From literary agent Rachelle Gardner:
People in and around this business have long used the word “gatekeeper” when referring to those in publishing tasked with choosing which books to publish or represent.
Since the rise of self-publishing, it has become a debate—often heated:
Down with the gatekeepers!
Hooray for the gatekeepers!
BUT GATEKEEPERS ARE NOT WHAT YOU THINK.
There is nobody in publishing whose job is to “keep you out.” Are we watching the gate? Yes!—to identify authors we’d like to see published.
Each person who has a so-called “gatekeeping” role is tasked with finding authors to bring in, not authors to keep out. Anyone who acquires authors for an agency or for a publisher is totally 100% focused on bringing in books they believe they can sell.
You wouldn’t call the women’s wear buyer at Nordstrom a gatekeeper, because you know her job is to bring in clothes she believes her customers will like. Her job is not to keep out the bad, but to bring in the good.
Some publishers, librarians, agents, and acquisitions editors call themselves gatekeepers. Maybe they relish that role because they feel it gives them power. But regardless of what they say or how they refer to themselves, they’re not gatekeepers. They’re selectors. Choosers. They’re salespeople. They’re looking for books they can sell. Period.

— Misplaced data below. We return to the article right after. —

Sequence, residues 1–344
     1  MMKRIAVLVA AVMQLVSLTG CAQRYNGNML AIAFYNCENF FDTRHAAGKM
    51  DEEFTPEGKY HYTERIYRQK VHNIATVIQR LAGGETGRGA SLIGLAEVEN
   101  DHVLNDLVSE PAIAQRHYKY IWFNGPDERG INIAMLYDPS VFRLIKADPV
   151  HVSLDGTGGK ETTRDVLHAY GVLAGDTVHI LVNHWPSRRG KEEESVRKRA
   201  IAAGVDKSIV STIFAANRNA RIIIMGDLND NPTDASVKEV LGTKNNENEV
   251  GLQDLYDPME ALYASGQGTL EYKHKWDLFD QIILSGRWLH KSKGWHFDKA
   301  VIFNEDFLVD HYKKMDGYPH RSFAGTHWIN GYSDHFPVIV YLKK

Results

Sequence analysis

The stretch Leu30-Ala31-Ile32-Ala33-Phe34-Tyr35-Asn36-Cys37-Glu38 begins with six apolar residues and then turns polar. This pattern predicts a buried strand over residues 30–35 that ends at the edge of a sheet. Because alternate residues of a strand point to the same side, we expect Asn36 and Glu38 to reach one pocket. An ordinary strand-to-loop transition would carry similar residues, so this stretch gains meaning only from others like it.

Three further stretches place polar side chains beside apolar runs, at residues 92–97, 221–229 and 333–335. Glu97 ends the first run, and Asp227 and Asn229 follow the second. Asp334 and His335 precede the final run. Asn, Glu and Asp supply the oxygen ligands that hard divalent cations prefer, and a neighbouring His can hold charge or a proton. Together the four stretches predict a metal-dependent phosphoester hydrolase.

Link to the rest at Rachelle Gardner
PG checked the almost-always helpful Wikipedia for definitions:
A gatekeeper is a person who controls access to something, for example via a city gate. In the late 20th century the term came into metaphorical use, referring to individuals who decide whether a given message will be distributed by a mass medium.
. . . .
Gatekeepers serve in various roles including academic admissions, financial advising, and news editing. An academic admissions officer might review students’ qualifications based on criteria like test scores, race, social class, grades, family connections, and even athletic ability. Where this internal gatekeeping role is unwanted, open admissions can externalize it.
Various gatekeeping organizations administer professional certifications to protect clients from fraud and unqualified advice, for example for financial advisers.
A news editor selects stories for publication based on his or her organization’s specific criteria, e.g., importance and relevance to their readership. For example, a presidential resignation would be on the front page of a newspaper but likely not a celebrity break-up (unless the paper was of the gossip variety).
Other people gatekeeping roles are in mental health service, clergy, police, hairdressers, and bartenders because of their extensive contact with the public.
And a quick quote about gatekeepers:
I sat with myself one day and asked, ‘Who is in those prestigious literary circles? Do they represent me? Do they appreciate the topics I write about and the style in which I write? Do those gatekeepers let a demographic like mine through the door?’ And the answer was no.
PG will note that a gatekeeper’s continued existence requires that a lot of people want what is behind the gate.